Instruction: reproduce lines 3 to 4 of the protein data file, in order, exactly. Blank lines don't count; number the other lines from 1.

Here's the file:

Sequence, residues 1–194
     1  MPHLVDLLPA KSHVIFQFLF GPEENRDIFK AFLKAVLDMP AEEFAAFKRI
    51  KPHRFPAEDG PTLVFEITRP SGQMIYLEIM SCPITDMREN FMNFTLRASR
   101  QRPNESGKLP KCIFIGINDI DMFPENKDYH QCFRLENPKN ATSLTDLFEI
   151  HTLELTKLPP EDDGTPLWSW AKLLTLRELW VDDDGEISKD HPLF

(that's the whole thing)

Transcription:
    51  KPHRFPAEDG PTLVFEITRP SGQMIYLEIM SCPITDMREN FMNFTLRASR
   101  QRPNESGKLP KCIFIGINDI DMFPENKDYH QCFRLENPKN ATSLTDLFEI